According to her, it’s important to have conversations about having children and a family. You’ll also want to discuss intimacy and preferences in the bedroom (without shame or judgment!). Additionally, you’ll want to talk about dealing with conflict, share your views of relationships and commitment, and have conversations about things like money and spirituality.
In other words, there is a lot to unpack to get on the same page about your expectations and values. You don’t have to be in agreement about everything: part of being in a relationship is respecting and celebrating your differences. However, it’s important to have a common vision of the future and make sure there are no deal breakers such as one person wanting children while the other one doesn’t.
Think “We” – Not “I”
Moving from dating to marriage involves seeing yourself as part of a team and prioritizing the needs of both your partner and relationship. “When you move into marriage, you think of ‘we,’ not ‘I.’ You look to understand your partner rather than be defensive in an argument. The foundation of your commitment allows for deeper, more secure communication,” says Sandra Myers, relationship expert and c-ofounder of Select Date Society.
Commit And Support One Another
Since marriage means commitment, you’ll need to show your commitment as your relationship evolves from dating to getting married. “In any committed relationship, you’ll meet some storms,” Kait Scalisi, a certified sex educator based in New York City, told The Knot. “How do you want to be supported? What about your partner? Knowing how to show up for one another in both times of trouble and celebration shows that you’ve taken the time to really get to know one another and are realistic about the ups and downs you’ll face as a couple—you’re in this rollercoaster we all live in together.”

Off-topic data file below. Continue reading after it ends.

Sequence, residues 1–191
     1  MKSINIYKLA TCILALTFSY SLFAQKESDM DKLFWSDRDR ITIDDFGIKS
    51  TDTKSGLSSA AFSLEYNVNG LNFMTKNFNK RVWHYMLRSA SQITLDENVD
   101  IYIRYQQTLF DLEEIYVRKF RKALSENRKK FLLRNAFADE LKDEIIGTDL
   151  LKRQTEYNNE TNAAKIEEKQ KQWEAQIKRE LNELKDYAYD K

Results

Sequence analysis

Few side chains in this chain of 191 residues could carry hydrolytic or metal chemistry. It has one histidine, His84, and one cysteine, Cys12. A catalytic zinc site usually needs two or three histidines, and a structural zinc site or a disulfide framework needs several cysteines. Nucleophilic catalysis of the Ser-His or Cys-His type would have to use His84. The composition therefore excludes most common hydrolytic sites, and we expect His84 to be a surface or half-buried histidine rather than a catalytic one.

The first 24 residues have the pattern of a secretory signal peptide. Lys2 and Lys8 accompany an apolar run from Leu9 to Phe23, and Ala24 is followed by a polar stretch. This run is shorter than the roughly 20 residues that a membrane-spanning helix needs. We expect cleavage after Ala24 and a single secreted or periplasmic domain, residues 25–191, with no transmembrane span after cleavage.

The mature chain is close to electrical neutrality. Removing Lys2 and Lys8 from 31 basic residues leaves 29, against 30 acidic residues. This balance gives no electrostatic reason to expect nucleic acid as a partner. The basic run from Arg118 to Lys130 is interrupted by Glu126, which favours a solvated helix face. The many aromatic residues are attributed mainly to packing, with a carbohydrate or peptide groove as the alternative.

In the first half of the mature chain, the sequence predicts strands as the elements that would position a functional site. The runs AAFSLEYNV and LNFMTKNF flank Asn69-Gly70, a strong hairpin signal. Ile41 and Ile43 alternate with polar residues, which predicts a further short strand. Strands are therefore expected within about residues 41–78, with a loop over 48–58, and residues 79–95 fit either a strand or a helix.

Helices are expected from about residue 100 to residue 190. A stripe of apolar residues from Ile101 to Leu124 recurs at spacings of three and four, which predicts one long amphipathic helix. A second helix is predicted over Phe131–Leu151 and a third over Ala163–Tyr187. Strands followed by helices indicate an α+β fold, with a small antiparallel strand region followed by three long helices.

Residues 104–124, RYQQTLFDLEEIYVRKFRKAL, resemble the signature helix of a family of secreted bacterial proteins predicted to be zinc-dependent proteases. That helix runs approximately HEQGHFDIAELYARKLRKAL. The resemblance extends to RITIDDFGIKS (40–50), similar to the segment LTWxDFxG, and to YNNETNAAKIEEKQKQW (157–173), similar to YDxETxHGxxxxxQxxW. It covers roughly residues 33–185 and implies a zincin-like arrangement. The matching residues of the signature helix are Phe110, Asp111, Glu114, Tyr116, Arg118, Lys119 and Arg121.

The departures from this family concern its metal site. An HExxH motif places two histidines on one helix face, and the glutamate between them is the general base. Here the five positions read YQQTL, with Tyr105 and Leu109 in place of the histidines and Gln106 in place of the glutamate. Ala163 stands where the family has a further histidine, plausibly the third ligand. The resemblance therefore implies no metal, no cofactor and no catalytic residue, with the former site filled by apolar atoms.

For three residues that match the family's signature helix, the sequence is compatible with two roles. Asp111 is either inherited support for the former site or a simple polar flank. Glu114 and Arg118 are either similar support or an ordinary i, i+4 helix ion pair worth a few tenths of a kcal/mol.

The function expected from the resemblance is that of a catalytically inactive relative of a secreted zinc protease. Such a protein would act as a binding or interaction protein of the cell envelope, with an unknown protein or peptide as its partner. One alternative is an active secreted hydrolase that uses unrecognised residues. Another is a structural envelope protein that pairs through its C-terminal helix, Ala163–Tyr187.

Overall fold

Intertwine Your Lives
Intertwining your lives in a more meaningful way also matters – marriage is, after all, the concept of sharing and building a life together. “When your partner is interested in meeting your family and friends, it shows they are looking to be more involved in your life and moving towards a committed relationship. When they are ready for marriage, they will ask about plans like having a family; or wonder what other parts of the country you may be open to moving to,” says Myers.
Always Be Dating
According to her, it’s important to “always be dating” regardless of the stage of your relationship. “It’s important to take time out each week and spend quality time together. This is the time you show up as you did when you were dating and ensure you invest in your relationship. What you put into your marriage is what you will get out of your marriage,” she says.
Yes, you want to be pragmatic and intentional when moving from dating to marriage, but not so much that you forget to bond and have fun together.
There is one thing you want to avoid at all costs when it comes to making the transition between dating and marriage: ultimatums. “If you want to start your marriage with a strong foundation, it is something you both need to feel excited about, not coerced into. It’s always important to remember that when you get engaged, you don’t want to let the wedding become more important than your relationship,” adds Myers.
If you keep in mind the insights and tips above, your relationship should evolve in a healthy and strong direction without the need for such forms of pressure.